- Study guidance should pay special attention to the following:
- Keep to the schedule and do things on time, in an orderly progression and in appropriate measure.
- When the student is choosing courses, help him/her to be realistic in terms of the course content and skill level.
- Make sure the student understands the structure of the studies and study modules.
- Additional support is needed particularly at the start of studies or when a situation is changing. To get started in studies, the student can be helped by having:
- a chance to get acquainted ahead of time with the school and its services, and with the classrooms and cafeterias, for example
- personal orientation information and guidance on where to receive services and support
- Sufficient information about schedules, meeting locations and a programme of upcoming meetings, in order to prepare in advance. Clarifying the times and places of the above in a visual manner, e.g. campus maps and wayfinding guides may be useful.
- Building daily routines can increase the students’ sense of security and help them get oriented towards studies, as changes in routine and ambiguous situations can be very stressful.
- Preparing for upcoming matters and situations in advance can increase the student’s sense of being able to manage his/her affairs, and this can prevent many other problems. Provide enough clear information beforehand about upcoming tasks and new situations.
- Things that go without saying for many are good to deal with explicitly with AS-affected students, for such knowledge (based on social cues, etc.) easily remains beyond their ken.
- When you talk with the student, do not focus only on the difficulties, but also try to identify the student’s strengths and how he/she can contribute to the learning situation. Many students with autism spectrum disorder are very dedicated to and concentrated on the area of study they have chosen; they may have an eye for detail and high morale. With students on the autism spectrum, it is important to focus on the good areas, and to find ways to compensate for their weaknesses to allow them to gain positive study experiences.
Course arrangements on the right track?
- Usually a person with autism spectrum disorder needs a clear structure and schedule, and expressly stated requirements. Make sure that the information necessary for the student is precise, updated and readily available.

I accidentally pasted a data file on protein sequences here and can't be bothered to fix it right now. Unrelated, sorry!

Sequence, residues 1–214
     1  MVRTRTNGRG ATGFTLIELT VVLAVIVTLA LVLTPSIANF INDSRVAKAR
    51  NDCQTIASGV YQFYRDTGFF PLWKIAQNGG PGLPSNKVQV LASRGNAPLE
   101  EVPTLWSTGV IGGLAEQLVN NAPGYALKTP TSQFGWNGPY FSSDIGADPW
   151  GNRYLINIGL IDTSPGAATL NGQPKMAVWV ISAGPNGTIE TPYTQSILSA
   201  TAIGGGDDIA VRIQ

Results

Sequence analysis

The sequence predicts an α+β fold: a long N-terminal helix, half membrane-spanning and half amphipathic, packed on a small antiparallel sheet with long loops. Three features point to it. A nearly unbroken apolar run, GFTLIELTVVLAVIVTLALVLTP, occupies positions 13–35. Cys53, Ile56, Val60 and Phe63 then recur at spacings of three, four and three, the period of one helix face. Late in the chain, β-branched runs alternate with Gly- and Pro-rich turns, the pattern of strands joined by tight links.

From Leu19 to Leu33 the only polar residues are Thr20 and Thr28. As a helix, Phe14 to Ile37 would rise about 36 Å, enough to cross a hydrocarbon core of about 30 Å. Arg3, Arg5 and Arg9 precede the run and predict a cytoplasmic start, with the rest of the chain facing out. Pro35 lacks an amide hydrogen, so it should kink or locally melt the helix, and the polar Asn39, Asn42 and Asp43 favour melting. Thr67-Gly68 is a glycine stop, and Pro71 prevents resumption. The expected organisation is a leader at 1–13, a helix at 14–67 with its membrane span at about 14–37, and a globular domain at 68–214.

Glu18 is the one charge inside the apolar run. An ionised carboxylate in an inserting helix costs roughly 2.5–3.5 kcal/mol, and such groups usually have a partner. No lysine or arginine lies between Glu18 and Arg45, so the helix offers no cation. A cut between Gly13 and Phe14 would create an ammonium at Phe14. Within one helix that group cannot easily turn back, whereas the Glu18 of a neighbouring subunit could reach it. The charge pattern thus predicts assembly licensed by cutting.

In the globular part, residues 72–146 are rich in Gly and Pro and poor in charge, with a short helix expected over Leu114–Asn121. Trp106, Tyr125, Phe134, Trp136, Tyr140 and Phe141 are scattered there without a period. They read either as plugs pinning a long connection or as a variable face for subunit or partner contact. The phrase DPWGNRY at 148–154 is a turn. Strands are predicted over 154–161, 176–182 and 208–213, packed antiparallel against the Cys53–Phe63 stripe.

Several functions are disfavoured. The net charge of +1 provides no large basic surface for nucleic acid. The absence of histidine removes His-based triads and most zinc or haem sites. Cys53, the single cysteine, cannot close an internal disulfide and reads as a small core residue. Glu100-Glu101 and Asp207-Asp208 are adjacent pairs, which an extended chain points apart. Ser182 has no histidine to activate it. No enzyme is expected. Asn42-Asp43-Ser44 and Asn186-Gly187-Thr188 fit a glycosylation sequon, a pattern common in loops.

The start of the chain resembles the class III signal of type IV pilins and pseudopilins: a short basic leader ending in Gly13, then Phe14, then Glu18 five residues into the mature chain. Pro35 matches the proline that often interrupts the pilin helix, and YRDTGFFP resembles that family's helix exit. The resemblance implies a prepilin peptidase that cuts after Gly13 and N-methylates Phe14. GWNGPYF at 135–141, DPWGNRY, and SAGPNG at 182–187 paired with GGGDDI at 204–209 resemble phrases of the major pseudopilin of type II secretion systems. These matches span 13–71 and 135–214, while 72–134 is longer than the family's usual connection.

- The student may find course participation easier when you:
- give the lecture outline and written material beforehand
- ensure that your materials and instructions are clear and unambiguous
- communicate any changes to the student as early as possible
- when giving the lecture, talk clearly and calmly, avoid meandering
- give the student a chance to take notes by recording sound or video. Students have the right to make such recordings for their own use, but not to publish them without permission. A practice for making such recordings should be arranged, however, between the teacher and the student.
- The student may need to ask many questions in the lecture. If that disturbs you, talk to the student about it and agree on how and when he or she may contact you in case of any questions (during the break, after class, by email, during office hours etc.).
Learning in lectures
- In lectures and small group teaching, one challenge for students on the autism spectrum is managing sensory overload. You can help them manage the situation in many ways:
- When arranging meetings, try to ensure that there are no distracting sensory stimuli in the room. These can be certain types of voices, noise, or flickering lights. Do not hesitate to ask the student about his or her needs in this respect. The university space booking system at booking.aalto.fi also gives you information on the features of the different rooms.
- Have a positive attitude towards special arrangements and devices or clothing that may help the student to manage sensory overload, for instance, having designated seats in classrooms, wearing caps, hoods, sunglasses, hearing protectors, or having stress toys at hand when listening to teaching.
- Make clear that any student who feels anxious or experiences overload can step of out the room during teaching without fear of criticism or punishment.
- You can reserve a suitable seat for the student by putting a ‘reserved’ note on it. Often seats towards the front of the hall or at the end of a row expose the student to less stimuli that may cause sensory overload; they also give the student a chance to leave the room discreetly if needed.
- As needed, you can think of alternatives for the student, for instance, replacing group work or in-class discussions with written assignments. You may give the student permission to leave the hall if loud chatter from pair discussions, for example, becomes too much of a strain for him or her.
- Encourage the student to ask for help from his or her friends in class. One-on-one discussions with an agreed-upon pair after the lecture may help the student to form a clearer picture of all the things learnt during the lecture.